In preparing an article for The Catholic Herald, the UK’s best Catholic weekly, I ran across something fun I wrote for the now concluded WDTPRS series’ look at the Third Eucharistic Prayer.
Mundus, a, um is an adjective for “clean, cleanly, nice, neat, elegant” and “morally pure, upright, free from sin” as in the famous phrases from the Vulgate “cor mundum crea in me Deus… create in me a pure heart O God” (Ps 50 (51):12) and, “beati mundo corde … blessed are the pure of heart” (Matthew 5:8). In the Extraordinary Form of the Roman Rite, before the the Gospel the priest says the prayer called the Munda cor meum:
“Cleanse my heart and my lips, O Almighty God, Who cleansed the lips of the Prophet Isaiah with a burning coal. In Your gracious mercy deign so to purify me that I may worthily proclaim Your holy Gospel.”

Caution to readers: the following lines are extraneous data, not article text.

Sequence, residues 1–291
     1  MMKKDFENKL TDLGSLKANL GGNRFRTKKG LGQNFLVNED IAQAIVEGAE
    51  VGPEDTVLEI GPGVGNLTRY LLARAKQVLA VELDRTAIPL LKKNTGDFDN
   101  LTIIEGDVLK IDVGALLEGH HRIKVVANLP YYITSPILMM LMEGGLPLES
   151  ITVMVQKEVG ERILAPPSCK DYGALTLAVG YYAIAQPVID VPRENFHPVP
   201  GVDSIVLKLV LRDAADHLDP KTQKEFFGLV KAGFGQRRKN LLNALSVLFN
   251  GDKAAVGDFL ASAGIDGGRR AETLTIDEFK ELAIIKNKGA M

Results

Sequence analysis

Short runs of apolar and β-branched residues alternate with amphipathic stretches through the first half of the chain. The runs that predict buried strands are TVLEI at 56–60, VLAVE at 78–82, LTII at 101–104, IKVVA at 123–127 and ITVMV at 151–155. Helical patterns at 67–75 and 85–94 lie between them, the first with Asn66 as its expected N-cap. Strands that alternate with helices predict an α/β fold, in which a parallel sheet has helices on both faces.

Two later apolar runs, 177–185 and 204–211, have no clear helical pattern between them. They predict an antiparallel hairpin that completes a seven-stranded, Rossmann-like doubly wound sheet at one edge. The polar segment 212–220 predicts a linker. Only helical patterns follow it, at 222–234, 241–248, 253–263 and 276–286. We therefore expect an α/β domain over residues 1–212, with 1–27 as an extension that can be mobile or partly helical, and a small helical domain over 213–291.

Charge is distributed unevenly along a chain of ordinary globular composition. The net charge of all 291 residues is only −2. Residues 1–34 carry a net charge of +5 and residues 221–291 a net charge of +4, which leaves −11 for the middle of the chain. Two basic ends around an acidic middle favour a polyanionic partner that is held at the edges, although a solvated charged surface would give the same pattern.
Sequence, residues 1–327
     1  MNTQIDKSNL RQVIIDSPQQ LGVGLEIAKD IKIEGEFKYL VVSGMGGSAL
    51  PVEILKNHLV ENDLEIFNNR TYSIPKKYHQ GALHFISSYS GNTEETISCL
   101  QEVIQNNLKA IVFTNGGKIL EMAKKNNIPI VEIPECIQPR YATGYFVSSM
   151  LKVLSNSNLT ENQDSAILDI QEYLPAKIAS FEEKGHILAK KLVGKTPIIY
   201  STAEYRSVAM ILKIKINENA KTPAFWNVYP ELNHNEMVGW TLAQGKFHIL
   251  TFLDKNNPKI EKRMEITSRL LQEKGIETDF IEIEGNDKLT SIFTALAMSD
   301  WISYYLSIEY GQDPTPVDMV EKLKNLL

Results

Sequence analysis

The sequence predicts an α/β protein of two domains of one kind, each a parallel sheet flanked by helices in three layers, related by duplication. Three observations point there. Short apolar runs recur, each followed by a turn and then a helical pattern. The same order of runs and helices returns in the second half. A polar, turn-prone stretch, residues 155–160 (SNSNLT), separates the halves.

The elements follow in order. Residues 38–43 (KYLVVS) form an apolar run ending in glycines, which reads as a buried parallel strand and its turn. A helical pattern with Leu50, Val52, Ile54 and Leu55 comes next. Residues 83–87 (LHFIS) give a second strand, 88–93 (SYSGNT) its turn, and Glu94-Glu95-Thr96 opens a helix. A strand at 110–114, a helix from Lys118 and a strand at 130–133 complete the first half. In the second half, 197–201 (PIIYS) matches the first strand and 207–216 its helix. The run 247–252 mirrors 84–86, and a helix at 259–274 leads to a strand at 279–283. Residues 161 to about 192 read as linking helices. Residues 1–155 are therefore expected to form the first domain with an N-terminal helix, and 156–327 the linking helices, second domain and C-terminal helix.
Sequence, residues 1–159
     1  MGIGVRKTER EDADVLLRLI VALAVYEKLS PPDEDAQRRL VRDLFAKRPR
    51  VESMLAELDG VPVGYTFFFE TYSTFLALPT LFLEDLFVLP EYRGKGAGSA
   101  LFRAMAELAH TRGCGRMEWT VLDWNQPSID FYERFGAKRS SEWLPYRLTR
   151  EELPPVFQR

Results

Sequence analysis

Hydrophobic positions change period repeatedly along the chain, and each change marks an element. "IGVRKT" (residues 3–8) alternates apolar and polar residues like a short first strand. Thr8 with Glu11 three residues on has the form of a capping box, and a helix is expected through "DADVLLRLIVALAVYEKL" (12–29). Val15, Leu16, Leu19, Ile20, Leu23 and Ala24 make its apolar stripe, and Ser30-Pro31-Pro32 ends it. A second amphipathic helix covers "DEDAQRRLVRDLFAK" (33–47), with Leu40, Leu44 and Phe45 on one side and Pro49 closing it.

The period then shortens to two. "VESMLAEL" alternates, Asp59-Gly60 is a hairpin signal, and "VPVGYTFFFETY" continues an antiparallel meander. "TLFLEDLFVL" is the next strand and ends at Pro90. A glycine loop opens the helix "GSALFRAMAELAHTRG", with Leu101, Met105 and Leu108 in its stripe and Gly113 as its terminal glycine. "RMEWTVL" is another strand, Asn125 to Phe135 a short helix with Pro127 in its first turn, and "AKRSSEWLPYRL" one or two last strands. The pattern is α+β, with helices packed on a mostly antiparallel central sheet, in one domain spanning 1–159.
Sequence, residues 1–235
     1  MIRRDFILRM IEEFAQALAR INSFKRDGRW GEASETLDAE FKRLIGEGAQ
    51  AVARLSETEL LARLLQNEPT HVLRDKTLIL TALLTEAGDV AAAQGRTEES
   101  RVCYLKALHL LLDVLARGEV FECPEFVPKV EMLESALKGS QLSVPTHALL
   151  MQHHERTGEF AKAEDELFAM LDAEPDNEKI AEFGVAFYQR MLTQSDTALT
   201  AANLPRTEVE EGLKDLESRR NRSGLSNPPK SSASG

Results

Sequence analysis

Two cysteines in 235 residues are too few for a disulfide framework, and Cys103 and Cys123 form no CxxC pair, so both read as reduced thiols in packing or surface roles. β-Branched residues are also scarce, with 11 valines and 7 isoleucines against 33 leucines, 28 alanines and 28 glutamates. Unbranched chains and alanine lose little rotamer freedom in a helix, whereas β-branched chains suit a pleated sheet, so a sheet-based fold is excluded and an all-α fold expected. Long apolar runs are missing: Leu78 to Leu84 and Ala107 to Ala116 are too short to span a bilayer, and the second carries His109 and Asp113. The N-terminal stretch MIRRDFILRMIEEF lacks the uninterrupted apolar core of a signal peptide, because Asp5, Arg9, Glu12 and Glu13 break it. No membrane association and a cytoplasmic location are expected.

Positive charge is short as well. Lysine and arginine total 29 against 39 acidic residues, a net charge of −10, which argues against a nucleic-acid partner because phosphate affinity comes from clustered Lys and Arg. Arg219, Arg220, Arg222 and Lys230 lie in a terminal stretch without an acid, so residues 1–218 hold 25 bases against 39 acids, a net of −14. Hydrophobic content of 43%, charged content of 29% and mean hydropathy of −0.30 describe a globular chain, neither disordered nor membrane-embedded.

As an aside, mundus, -i refers in the first place to “a woman’s dress or ornamentation” such as cosmetics. It is also “the universe, the world, esp. the heavens and the heavenly bodies” and thus “the earth, the inhabitants of the earth, mankind”. This is the equivalent of the Greek kosmos, whence is derived English cosmos and cosmetics.